When you have a car – any kind of car – it’s natural to want to take care of it. That’s how things work with automobiles. They’re not the cheapest things out there, and whether it’s our first car or the fifth one, we want to make sure it’s well taken care of regardless of the circumstances.
So when something is wrong with out vehicle, we want to make sure everything is spotless and without any worries. Ideally, this is where car mechanics arrive and fix everything.
They can take a bit to look at our vehicle and assess what’s wrong, and they’ll have a fix for us. That’s great, right?
Unfortunately, not all mechanics are actually great. And sometimes we tend to encounter mechanics that aren’t exactly top-grade. How do we spot bad mechanics?
Always ask for Documentation and Licenses
When you meet a car mechanic for the first time, always ask for their licensure and documentation. Legitimate mechanics usually have certification that certifies they are qualified to inspect and repair cars and other vehicles.
You should also try confirming this with their place of work, and confirm with the labor board if said place of work is actually legitimate.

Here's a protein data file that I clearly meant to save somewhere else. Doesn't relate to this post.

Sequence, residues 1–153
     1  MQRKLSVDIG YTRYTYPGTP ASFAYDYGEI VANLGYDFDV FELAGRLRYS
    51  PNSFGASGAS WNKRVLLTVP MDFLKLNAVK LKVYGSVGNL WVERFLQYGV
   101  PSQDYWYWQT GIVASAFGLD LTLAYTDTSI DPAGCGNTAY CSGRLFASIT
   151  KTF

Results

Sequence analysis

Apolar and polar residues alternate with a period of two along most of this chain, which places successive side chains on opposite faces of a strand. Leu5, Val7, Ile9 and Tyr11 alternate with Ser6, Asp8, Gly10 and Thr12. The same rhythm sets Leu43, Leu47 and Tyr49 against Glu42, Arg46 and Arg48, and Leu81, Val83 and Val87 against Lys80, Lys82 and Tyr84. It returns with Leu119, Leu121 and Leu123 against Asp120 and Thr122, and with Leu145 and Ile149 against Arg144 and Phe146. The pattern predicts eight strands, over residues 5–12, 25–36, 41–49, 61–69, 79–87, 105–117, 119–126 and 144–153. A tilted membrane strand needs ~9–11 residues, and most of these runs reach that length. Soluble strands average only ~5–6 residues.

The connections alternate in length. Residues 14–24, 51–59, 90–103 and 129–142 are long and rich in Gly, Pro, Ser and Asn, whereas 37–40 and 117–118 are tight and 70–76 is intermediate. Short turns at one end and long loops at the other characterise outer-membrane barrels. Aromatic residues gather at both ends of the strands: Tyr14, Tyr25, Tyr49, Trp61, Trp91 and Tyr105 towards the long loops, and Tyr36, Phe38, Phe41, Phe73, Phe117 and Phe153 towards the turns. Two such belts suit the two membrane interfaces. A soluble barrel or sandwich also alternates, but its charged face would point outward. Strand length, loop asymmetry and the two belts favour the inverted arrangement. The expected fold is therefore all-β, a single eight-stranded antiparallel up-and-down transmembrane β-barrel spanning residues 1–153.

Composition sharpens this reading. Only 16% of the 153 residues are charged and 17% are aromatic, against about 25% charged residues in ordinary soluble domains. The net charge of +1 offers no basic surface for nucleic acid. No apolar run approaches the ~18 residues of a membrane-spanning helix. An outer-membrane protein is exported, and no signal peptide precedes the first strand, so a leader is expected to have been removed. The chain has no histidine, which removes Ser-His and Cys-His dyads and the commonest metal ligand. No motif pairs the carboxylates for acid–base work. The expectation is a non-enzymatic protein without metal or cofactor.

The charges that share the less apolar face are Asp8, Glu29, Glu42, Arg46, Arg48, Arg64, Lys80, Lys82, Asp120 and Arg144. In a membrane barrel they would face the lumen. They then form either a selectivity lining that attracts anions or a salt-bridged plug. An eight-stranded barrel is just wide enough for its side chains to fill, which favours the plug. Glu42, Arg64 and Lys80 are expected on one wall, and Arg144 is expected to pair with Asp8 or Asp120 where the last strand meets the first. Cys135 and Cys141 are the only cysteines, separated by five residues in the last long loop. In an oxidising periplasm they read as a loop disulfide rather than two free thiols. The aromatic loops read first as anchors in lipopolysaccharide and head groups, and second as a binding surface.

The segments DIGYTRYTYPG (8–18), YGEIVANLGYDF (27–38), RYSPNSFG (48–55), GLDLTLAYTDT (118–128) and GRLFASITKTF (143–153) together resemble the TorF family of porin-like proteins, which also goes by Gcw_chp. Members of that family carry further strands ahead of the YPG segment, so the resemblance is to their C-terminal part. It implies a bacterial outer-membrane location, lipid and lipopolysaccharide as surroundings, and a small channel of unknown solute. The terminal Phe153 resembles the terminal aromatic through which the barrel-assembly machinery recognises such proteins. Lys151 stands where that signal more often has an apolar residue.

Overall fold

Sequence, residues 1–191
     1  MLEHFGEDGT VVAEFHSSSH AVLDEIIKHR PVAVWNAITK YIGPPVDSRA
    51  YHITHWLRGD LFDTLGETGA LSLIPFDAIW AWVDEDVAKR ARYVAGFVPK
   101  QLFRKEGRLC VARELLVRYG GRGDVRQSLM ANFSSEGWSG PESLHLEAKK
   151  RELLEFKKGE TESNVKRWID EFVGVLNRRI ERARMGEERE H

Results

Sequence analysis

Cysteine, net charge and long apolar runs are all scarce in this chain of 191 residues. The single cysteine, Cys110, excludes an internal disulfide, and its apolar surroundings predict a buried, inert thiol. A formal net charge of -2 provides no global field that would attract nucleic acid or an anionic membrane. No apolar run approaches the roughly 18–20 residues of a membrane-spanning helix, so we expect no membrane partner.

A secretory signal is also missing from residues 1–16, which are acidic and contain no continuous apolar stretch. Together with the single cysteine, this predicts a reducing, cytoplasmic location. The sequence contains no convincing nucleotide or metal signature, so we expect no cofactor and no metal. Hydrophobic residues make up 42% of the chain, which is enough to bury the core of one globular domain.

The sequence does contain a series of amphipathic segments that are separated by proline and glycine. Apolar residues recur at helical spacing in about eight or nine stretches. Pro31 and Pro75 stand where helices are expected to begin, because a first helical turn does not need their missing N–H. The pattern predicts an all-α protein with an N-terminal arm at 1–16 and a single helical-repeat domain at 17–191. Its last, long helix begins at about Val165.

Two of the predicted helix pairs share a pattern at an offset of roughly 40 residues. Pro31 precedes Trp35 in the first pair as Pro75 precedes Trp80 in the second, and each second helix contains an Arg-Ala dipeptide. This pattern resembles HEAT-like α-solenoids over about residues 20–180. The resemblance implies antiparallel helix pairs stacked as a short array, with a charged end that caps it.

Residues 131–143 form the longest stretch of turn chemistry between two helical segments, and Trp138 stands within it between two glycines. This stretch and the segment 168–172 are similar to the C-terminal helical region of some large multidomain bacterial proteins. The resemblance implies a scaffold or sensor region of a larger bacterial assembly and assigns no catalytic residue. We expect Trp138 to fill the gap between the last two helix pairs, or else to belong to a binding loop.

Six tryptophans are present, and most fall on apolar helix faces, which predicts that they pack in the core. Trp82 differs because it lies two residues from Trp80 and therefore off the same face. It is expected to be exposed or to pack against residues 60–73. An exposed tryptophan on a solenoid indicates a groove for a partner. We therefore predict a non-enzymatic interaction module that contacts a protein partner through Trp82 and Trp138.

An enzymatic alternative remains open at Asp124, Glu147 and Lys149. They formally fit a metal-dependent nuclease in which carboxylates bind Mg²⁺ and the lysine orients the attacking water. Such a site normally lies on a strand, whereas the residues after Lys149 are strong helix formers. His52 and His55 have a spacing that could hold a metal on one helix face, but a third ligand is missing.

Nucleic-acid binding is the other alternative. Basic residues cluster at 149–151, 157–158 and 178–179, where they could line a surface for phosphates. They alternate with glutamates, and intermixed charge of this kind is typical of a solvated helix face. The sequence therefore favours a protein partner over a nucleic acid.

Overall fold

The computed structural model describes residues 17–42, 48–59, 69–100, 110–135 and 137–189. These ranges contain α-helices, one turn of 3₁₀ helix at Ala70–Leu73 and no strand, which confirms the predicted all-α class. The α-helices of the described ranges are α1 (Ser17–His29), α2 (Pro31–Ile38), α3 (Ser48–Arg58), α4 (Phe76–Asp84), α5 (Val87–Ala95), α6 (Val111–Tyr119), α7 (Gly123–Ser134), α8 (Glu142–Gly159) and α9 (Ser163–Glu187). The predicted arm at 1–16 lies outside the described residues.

Some might consider this overkill, but this is also our car we’re talking about. It’s better to know it’s secure and safe than put it in a compromising position.
- Requirements to become a car mechanic differ from country to country. Most car mechanics can come from people who have high school diplomas, though employers may end up hiring mechanics with post secondary training, and certain certification.
- If your car mechanics end up scaring you when you ask them for documentation, that might be an immediate red flag. Mechanics shouldn’t hesitate showing your copies of certification and being alright with being verified unless they’re hiding something shady. And you should be on your toes for these kinds of things before you get swindled into giving money.
See what sorts of vehicles they’ve already worked on
Another way you can spot a bad mechanic is by asking them what sorts of vehicles they’ve already worked on. While this might just differ from one mechanic to another, this is still a good way to filter as to whether or not your car mechanic has actually worked on your vehicle or vehicles like it.